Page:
Vespa Draws on Heritage With 946 Model

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Nov. 20 (Bloomberg) -- Bloomberg’s Ryan Chilcote reports on the introduction of Vespa’s newest luxury model, the Vespa 946. He speaks on Bloomberg Television’s “The Pulse.” (Source: Bloomberg)

Draw on the heritage.

It is modeled after the very first prototype vespa came up with for a scooter in 1946. scooters came out in 1948. that's right.

They are trying to get back to that heritage.

It has a lot of the original lines and features.

As you were pointing out it has the -- original dashboard.

Talk to me about the business -- scooter sales have been suffering.

They needed to re-invent themselves.

This is kind of a nearby thing.

-- niche thing.

They made 3,000 and sold 3,000. they have a production line where they are focusing on this.

They are handmade in italy.

The idea is not to make a lot of money on each one with a big, fat profit margin.

It is a branding exercise.

To sell the other 100,000 mass manufactured vespas that they make.

As you were saying earlier, it is not the easiest market for them right now.

They kind of want to make the brand.

This is kind of a -- practicality.

It looks awesome.

You can see the beautiful lines.

Pretty hard to sit on the back.

You have to have something to put your helmet in.

What they were saying, the company, effectively you would not actually take this scooter to work every day.

You would take it out on the weekend.

It is kind of a way to splash out.

Splashing out, you know, it is almost like with push bikes here in the u.k., you can splash out for just under $10,000. you can spend 10,000 pounds.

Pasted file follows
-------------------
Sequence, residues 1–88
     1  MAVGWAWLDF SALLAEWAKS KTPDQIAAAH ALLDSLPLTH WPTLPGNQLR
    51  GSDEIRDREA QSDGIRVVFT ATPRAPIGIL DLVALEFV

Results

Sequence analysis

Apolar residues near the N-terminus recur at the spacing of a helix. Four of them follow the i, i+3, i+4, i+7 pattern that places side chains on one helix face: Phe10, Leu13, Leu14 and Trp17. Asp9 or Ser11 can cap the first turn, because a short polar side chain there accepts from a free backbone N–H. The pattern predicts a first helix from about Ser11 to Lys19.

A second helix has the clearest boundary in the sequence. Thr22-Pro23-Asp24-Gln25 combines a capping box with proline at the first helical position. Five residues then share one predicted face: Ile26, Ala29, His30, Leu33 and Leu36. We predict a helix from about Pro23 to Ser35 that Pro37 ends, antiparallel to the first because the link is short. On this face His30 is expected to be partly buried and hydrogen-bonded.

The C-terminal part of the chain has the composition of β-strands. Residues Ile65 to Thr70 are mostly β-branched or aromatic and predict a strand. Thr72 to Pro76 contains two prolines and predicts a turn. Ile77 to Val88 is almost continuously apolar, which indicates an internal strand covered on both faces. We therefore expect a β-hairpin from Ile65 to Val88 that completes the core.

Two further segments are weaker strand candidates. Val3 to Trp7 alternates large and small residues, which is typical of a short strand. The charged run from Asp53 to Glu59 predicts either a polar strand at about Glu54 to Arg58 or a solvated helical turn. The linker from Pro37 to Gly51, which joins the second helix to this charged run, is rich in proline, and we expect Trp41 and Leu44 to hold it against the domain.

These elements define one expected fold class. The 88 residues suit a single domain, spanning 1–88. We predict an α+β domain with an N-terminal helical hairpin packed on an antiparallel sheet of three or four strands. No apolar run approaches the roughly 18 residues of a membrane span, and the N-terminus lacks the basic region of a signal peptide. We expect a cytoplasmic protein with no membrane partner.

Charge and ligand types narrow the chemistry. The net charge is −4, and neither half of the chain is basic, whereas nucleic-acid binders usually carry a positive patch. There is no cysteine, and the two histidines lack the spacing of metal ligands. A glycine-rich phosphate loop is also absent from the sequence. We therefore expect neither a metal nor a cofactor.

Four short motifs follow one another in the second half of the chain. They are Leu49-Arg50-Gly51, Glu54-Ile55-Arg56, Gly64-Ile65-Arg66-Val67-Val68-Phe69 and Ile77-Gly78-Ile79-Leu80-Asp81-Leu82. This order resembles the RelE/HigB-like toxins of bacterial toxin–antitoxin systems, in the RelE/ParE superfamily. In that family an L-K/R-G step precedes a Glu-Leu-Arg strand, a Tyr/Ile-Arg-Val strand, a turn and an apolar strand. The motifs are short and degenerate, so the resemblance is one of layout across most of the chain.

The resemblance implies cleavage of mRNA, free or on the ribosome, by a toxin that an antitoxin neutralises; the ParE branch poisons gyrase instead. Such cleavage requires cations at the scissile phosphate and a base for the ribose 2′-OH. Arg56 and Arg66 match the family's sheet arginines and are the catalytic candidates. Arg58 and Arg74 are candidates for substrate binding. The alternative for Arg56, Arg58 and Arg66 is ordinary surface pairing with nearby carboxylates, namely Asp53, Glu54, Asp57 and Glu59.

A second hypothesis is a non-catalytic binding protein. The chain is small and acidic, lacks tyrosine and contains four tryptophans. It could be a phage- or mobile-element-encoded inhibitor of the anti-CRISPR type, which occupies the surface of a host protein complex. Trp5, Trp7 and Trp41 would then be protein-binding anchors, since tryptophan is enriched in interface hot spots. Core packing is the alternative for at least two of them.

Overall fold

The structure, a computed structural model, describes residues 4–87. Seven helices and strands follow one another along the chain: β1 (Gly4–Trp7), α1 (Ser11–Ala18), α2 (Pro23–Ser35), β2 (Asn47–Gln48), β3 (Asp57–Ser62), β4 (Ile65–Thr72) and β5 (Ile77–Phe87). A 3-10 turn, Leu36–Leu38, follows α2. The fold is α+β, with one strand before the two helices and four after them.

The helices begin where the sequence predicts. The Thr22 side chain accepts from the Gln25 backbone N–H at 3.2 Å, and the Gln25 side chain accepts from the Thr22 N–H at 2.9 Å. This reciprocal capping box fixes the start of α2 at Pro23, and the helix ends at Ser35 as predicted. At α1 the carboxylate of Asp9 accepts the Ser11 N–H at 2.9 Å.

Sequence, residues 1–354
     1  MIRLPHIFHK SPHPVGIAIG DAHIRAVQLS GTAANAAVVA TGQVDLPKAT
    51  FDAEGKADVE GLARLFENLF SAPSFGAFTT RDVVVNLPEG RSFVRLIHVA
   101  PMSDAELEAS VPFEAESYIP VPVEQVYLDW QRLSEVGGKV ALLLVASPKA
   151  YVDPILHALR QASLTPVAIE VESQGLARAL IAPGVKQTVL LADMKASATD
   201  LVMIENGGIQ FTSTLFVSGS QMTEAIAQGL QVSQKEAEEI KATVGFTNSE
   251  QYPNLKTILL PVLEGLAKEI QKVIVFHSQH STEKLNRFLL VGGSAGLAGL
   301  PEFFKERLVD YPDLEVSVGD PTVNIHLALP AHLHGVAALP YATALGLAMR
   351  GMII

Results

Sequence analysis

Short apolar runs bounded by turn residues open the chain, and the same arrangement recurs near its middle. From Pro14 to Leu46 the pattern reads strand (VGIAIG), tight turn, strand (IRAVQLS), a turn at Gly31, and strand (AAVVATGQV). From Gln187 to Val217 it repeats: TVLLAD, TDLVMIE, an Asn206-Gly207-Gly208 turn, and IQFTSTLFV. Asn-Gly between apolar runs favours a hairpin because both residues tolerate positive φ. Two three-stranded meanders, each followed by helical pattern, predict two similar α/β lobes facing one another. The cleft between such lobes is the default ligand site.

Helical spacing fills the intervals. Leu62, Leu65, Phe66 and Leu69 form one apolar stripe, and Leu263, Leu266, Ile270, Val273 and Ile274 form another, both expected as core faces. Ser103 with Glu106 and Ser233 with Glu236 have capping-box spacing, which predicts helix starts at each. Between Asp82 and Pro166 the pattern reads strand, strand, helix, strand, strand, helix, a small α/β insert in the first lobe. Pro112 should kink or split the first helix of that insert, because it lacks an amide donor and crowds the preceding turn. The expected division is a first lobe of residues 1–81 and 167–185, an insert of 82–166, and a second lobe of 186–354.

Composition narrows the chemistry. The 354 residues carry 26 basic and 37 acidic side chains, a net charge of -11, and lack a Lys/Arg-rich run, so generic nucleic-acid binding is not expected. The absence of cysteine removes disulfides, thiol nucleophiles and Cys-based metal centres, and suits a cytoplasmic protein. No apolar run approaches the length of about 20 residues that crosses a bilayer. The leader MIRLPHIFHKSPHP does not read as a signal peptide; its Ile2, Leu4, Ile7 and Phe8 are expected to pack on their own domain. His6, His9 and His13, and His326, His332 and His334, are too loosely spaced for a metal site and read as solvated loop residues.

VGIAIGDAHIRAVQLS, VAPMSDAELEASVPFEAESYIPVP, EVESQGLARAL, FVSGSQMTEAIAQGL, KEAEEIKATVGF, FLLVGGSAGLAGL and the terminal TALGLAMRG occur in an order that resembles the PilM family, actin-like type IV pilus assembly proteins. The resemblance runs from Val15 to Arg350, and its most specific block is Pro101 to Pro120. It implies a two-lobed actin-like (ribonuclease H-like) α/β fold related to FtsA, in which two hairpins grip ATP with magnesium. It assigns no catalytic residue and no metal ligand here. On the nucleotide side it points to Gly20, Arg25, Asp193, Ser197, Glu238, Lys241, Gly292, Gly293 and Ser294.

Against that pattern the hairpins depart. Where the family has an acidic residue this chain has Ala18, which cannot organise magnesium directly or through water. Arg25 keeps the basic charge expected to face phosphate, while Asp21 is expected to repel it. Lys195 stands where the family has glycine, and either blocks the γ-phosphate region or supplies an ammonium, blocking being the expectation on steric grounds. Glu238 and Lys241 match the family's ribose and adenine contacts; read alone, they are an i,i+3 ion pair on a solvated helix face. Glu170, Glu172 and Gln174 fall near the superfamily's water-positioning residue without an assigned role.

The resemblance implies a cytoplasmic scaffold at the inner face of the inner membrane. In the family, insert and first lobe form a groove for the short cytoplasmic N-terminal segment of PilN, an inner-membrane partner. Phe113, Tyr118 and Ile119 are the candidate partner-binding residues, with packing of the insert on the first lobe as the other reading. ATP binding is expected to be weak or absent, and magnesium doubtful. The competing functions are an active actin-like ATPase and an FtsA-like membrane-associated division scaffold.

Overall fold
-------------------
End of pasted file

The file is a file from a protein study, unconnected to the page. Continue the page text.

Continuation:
It is not like splashing on a maserati or something like that.

You can premiumize.

Take it up market.

Make it look cool and luxurious and improve the margins overall.

Thank you very much indeed.

So from one italian over to another, francine, back to you.

Guy, thank you so much.

This year, wave was sold to google this year.

Li ka-shing.

Elliott gotkine reports.

Israel's only rice field, hungry birds are not welcome.

This is an experiment.

The aim is to boost crop yields, speeding up by thousands of years the way plants naturally multiply their own d.n.a. the process known as enhanced -- our technology doesn't change the d.n.a. of the plant like some other technologies.

What it does is it increases the dosage.

It increases the amount of d.n.a. and the productivity.

It is the same d.n.a. the same chromosomes.

They produce the same enzymes and produce the same proteins and the food has the same nutritional values.

Nothing has changed.

How have the results been with the application of this technology?

We have seen yield increases of 15% to 50% in wheat and corn.

In any of these crops here, the increase of just 10% is

This text has been automatically generated. It may not be 100% accurate.

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